Do you remember your dreams? I almost never do. But last night I had a vivid dream that unfolded, not in bits and pieces, but as a story.
In my waking life, I'm the president of the Los Angeles chapter of Sisters in Crime, an international organization of mystery writers and readers created in 1986 to promote women mystery authors. Los Angeles is the largest of the chapters. We meet every month at a library and feature speakers related to crime, including those in law enforcement, crime scene cleanup and forensic science. For thirty minutes before each meeting we have refreshments and network and that's where my sleeping story begins.
In my dream, the chapter was meeting, not at the library, but in a large auditorium at a convention center. The speaker was an author who was lecturing about writing. Prior to the meeting I had met a man at another event. He was in his 60s, shy but sweet, who told me he was a musician. I invited him to perform during the 30 minute networking event before the meeting. I assumed he'd arrive with an old guitar and murmur a few folk songs in exchange for a store-bought cookie past its sell-buy date and a plastic cup half-full of Sprite.
However, when he arrived, he wasn't alone. An entourage of at least 5 other band members and a publicist trailed him like ducklings. And then other people started arriving in droves and filling the seats in the auditorium. He was obviously an important musician whom I had failed to recognize. The publicist told me the event was sold out. I was nonplussed. I told her we were a non-profit and couldn't afford to pay a band. She told me not to worry, that payment was covered by others. It was explained in the brochure, she said. Except, there was no brochure.
The band took the stage and began playing music. Their repertoire was part performance art, part comedy, part political satire and totally entertaining. The audience was thrilled. Just as I began to worry about pushing our scheduled speaker off of the program, one of our board members rushed over to me. Something big had just happened in downtown L.A.—a game changer for everyone. Before she could tell me what it was, I woke up to my cat, Riley-girl, licking my chin. Her food bowl was empty and she wanted it filled.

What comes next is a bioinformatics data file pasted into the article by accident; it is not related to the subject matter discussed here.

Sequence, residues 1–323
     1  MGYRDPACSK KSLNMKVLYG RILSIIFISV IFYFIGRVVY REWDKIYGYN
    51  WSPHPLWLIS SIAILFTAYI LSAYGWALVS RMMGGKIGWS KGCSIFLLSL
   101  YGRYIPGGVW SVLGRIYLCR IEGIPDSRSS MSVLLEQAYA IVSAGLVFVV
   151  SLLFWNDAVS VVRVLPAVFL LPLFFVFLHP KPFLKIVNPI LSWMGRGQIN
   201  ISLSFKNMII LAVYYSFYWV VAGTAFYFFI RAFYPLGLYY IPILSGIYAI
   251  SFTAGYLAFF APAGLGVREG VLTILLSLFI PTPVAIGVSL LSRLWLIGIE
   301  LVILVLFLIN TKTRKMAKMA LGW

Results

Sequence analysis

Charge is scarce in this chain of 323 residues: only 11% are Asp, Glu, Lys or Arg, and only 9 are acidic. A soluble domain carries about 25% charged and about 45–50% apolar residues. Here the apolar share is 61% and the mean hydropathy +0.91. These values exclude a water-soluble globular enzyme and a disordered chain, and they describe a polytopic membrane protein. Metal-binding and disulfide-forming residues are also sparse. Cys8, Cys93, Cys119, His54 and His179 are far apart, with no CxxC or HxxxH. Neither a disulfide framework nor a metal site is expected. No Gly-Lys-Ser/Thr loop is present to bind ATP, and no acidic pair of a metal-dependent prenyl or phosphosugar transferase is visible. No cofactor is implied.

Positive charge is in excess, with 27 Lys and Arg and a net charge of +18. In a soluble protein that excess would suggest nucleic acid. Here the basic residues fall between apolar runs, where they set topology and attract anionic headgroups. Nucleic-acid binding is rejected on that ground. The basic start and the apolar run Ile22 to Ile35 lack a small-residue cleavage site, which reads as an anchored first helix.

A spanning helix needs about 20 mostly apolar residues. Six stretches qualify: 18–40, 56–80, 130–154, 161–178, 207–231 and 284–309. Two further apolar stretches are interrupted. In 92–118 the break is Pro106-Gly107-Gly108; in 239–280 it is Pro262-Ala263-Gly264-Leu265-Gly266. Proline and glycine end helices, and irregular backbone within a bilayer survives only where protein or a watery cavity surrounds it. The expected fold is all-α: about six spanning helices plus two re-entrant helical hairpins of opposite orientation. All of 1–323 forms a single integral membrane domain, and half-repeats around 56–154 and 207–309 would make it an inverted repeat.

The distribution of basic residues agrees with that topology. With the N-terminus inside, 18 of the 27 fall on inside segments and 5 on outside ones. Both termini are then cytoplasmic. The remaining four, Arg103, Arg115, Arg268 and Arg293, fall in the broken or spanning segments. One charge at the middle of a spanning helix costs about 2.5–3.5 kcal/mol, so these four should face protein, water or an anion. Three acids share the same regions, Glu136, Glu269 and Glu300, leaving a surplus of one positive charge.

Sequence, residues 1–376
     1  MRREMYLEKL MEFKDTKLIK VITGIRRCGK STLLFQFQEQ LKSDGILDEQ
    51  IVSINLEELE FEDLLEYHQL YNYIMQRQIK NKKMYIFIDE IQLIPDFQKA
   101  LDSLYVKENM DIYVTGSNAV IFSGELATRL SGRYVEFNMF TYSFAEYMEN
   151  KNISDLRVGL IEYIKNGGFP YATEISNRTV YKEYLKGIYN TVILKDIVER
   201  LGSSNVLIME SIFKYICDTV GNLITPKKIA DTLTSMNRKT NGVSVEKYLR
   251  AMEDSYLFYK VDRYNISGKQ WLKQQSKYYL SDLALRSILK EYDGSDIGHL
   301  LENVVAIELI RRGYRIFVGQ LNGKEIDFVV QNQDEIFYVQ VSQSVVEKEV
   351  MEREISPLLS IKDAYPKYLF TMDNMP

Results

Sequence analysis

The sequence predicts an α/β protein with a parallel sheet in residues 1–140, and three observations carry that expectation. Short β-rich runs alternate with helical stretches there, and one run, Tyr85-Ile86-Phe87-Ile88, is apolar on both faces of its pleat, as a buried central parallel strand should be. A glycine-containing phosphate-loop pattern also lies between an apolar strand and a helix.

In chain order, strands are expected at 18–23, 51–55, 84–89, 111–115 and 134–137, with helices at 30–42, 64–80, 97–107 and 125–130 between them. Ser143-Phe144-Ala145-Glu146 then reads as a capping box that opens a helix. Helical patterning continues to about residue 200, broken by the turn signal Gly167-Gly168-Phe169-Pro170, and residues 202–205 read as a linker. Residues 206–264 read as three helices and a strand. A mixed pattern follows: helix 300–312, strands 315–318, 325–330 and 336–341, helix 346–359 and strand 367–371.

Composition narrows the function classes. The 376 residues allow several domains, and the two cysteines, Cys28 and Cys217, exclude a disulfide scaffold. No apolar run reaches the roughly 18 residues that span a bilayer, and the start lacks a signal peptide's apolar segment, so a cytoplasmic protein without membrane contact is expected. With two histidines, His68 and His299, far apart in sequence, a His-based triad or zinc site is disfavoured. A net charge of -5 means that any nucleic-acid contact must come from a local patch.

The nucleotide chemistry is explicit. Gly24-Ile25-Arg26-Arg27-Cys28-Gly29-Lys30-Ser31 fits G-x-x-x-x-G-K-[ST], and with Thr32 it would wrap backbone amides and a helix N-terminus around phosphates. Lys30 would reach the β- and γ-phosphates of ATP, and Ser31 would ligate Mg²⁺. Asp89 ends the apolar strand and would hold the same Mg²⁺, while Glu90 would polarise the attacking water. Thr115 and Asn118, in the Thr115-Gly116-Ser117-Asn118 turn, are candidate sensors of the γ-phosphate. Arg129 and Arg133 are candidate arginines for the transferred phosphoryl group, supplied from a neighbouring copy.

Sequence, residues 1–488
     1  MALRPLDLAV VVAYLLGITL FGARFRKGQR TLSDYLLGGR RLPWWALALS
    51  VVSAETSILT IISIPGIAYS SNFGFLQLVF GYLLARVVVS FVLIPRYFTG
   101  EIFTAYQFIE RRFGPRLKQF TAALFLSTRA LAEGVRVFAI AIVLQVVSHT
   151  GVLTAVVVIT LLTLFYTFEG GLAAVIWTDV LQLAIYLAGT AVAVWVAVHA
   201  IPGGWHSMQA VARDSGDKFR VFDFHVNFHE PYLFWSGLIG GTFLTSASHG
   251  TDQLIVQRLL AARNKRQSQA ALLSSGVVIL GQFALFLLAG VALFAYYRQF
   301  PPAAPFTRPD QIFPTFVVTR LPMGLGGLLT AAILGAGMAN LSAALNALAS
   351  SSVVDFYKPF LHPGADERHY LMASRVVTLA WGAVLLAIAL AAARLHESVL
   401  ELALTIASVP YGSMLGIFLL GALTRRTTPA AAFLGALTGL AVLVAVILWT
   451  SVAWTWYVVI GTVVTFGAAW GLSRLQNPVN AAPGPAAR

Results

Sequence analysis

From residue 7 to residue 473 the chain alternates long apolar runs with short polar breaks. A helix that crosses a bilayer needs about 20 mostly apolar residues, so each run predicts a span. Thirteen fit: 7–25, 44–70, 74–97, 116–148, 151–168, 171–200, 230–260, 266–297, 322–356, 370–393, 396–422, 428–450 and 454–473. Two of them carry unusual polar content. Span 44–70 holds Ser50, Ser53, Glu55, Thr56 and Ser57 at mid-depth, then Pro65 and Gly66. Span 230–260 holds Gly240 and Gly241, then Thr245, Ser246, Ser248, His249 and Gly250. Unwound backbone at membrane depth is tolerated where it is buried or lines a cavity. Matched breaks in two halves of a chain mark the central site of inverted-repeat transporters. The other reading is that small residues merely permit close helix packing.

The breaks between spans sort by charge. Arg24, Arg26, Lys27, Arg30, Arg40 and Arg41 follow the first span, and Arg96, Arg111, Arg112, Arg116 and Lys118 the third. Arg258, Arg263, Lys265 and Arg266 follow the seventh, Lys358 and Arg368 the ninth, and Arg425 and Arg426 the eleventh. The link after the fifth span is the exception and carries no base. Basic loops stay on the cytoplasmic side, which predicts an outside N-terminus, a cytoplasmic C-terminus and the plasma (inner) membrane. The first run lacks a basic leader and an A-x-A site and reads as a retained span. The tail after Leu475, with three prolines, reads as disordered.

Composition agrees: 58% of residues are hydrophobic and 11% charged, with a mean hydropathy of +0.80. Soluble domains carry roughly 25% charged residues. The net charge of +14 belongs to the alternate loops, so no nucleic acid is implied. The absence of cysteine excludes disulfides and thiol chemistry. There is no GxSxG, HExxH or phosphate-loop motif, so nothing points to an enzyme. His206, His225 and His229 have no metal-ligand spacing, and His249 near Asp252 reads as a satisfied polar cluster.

I complied. Then I consulted a tome that's been on my bookshelf for years. It's called The Dream Book by Betty Bethards. I once attended a workshop presented by Ms. Bethards at the Whole Life Expo in Pasadena. The book includes a list of key words that appear in dreams and her interpretation of each. Below are several words I lifted from my dream. Unfortunately, Riley-girl kept me from learning if that last event was good or bad. It was probably bad because this is a story and stories always have heightened stakes. Here's what Betty wrote:
Author: You are the writer of your life script. You can make it easy or difficult.
Stranger: An aspect of self you are not yet familiar with.
Stadium: Huge capacity for all parts of yourself to join together in a team spirit for life.
Stage: The stage of life. How you present or show yourself to others, beliefs, attitudes, behavior. Roles may change at any time. Your present performance. See actor.
Actor: Role you play, how others see you; a role you are playing at the moment which is serving some particular purpose. We all are actors; roles and life experiences are illusion. Our presentation of self changes as we grow; our roles change with expanding awareness and self-knowledge.
Music: Healing, creative flow of life: joyful, uplifting. Inner harmony peace, beauty.
Comedy: Do not take yourself so seriously. Remember everything is a set-up to help you learn your lessons. Lighten up. laughter heals.
Crowd: Many parts of self. Dream context would show whether noisy, peaceful, purposeful, or whatever, indicating how well different parts of self are integrated.
What do you make of it? Any key words I should have included?